• In an embodiment, a cutting system for an autonomous mower includes a housing including an open lower portion, at least one blade disk, provided within the housing and having a central portion, a top side, a bottom side, and an outer circumference, a first pair of cutting blades pivotably mounted on the bottom side of the blade disk between the central portion of the blade disk and the circumference of the blade disk, and extending away from the blade disk at an angle, a second pair of cutting blades pivotably mounted on the bottom side of the blade disk radially inward and offset from the first pair of cutting blades, and extending away from the blade disk at an angle.
  • Referring to FIGS. 1A-1D, exemplary embodiments of a cutting system 100 for an autonomous mower are shown. The cutting system 100 includes a blade disk 102, a plurality of blades 104 operatively connected to the blade disk 102, and a housing 106. In an embodiment, the blade disk 102, and the housing 106, are formed of a plastic material, but it should be understood by one having ordinary skill in the art that any other material having sufficient structural rigidity, and able to withstand the wear-and-tear due to the operation thereof is acceptable.
  • In an embodiment, the blade disk 102 is a non-flat or non-planar member having a generally circular, saucer-shape wherein the opening of the saucer-shape is directed downwardly. The blade disk 102 includes a planar central portion 108, a top side 110, a bottom side 112, and a peripheral edge 114. The central portion 108 is a substantially flat and generally circular portion that is centrally located. The central portion 108 includes at least one attachment aperture 116 formed through the thickness thereof. A substantially smooth cylindrical portion of the central forms a collar 109 and provides a undisrupted area, for example, to aid in making smooth contact with stationary rigid objects. The cylindrical area is less likely to catch or bind on raised portions of a docking or charging station, or on other raised areas in the work surface.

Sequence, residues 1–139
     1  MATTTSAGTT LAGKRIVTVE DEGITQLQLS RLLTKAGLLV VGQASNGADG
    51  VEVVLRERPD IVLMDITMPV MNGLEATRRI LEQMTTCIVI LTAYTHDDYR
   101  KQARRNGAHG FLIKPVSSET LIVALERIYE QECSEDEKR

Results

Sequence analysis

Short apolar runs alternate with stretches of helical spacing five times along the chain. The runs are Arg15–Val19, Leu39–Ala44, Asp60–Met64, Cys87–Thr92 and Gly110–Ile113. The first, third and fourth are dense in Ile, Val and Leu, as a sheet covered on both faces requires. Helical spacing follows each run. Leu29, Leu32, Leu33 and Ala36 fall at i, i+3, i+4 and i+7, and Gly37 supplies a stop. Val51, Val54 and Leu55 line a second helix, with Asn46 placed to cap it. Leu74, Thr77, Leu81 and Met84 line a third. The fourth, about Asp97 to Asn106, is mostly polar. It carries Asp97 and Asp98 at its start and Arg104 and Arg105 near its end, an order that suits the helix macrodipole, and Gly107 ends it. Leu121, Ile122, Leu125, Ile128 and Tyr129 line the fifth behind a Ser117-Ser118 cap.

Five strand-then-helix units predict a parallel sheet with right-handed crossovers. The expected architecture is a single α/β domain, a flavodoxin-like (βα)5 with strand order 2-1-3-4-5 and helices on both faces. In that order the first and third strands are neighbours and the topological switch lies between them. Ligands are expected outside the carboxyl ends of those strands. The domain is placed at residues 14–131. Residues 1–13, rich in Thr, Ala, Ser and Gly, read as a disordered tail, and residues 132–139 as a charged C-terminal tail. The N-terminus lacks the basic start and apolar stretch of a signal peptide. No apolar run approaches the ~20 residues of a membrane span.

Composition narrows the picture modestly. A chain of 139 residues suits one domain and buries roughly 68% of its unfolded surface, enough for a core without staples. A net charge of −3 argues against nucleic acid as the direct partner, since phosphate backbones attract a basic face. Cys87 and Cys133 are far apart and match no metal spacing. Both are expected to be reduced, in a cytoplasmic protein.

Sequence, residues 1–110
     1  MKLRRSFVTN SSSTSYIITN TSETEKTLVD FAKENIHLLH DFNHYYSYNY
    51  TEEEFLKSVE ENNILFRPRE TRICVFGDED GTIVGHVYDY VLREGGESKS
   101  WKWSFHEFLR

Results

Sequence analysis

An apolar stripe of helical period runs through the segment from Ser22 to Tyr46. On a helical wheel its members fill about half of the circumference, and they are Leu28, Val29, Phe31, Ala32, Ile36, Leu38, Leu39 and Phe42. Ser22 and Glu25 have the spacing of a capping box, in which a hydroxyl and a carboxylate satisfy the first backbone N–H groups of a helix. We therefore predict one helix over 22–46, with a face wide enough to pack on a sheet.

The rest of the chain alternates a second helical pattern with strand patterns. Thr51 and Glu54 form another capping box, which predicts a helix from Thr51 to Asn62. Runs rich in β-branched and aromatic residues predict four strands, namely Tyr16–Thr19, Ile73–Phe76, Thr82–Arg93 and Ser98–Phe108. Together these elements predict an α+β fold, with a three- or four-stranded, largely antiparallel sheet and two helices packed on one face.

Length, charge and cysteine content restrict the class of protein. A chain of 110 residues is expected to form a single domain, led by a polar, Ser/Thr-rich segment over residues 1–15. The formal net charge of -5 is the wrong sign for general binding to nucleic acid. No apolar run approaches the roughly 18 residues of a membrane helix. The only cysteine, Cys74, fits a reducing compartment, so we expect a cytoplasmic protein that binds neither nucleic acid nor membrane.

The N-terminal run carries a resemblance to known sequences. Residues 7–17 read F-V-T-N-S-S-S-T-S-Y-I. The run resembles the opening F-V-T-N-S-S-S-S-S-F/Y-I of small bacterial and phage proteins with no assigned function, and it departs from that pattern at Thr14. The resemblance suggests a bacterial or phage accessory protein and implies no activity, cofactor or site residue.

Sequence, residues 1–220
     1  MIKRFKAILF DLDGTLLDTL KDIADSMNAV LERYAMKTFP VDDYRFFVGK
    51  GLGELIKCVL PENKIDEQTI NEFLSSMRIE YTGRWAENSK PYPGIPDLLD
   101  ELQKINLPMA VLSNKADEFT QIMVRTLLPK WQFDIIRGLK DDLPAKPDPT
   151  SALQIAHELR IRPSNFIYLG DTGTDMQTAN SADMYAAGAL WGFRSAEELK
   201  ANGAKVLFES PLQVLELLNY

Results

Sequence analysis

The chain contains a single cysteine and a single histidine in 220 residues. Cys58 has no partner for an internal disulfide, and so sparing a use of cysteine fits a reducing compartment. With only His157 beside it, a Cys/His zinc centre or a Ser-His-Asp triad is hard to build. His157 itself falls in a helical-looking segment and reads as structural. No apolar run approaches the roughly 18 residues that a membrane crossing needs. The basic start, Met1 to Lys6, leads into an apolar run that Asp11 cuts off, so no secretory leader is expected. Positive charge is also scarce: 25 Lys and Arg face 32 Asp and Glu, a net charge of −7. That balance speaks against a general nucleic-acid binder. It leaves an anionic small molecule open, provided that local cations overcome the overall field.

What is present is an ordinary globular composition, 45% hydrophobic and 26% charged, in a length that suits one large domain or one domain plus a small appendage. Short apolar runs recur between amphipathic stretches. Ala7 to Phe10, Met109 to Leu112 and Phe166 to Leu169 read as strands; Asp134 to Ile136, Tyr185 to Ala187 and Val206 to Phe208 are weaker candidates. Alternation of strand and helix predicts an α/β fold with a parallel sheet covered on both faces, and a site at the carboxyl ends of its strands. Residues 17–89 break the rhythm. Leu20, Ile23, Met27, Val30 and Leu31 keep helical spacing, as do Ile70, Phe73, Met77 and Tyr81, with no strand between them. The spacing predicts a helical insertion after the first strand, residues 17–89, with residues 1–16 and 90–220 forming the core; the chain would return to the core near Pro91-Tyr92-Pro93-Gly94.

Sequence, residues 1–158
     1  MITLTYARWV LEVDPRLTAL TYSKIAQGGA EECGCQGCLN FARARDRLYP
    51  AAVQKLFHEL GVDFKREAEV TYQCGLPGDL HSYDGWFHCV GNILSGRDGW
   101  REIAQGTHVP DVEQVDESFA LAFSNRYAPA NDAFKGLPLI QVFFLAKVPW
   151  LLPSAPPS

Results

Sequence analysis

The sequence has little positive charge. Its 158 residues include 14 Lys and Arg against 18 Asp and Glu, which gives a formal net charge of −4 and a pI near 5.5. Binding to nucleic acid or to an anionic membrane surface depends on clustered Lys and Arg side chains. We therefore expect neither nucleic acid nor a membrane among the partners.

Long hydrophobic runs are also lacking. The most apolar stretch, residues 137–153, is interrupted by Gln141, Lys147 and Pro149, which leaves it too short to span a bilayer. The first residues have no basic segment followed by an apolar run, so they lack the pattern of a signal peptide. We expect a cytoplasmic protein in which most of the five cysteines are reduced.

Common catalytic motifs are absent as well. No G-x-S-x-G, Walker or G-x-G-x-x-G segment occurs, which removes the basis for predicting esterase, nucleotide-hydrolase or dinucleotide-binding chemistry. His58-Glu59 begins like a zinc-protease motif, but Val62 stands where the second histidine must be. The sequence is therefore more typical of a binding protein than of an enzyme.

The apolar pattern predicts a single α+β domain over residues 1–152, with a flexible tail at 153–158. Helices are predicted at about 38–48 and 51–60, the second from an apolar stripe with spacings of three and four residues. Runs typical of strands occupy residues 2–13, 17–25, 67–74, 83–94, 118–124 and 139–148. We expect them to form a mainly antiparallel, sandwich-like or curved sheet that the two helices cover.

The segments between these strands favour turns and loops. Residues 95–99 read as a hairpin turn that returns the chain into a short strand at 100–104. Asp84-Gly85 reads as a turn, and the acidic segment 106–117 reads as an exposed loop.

• The blade disk bottom side 112 includes a plurality of concentric, circular raised portions 122 at increasing radii outward from the central portion 108. The raised portions 122 are connected by generally C-shaped curved portions 124. The blade disk bottom surface 112 can include a number of generally C-shaped curved portions 124 that extend vertically above a plane PI defined by the bottom surface of the central portion 108 (as shown and described in detail in FIG. 2A).
  • The curved portions 124 are separated by concentric raised portions 122. An outer raised area forms the peripheral edge 114 of the blade disk 102. The concentric raised portions 122 extend generally as far as the plane PI. In an embodiment, the blade disk peripheral edge 114 extends vertically below the plane PI, and below the raised portions 122. In further embodiments, the blade disk peripheral edge 114 extends as far as the plane PI, and as far the raised portions 122. The radius of curvature of the curved portions 124 can vary between embodiments, and some embodiments may not include the curved portions 124, but the portions 124 can be sloped or otherwise angle downwardly from the central portion 108.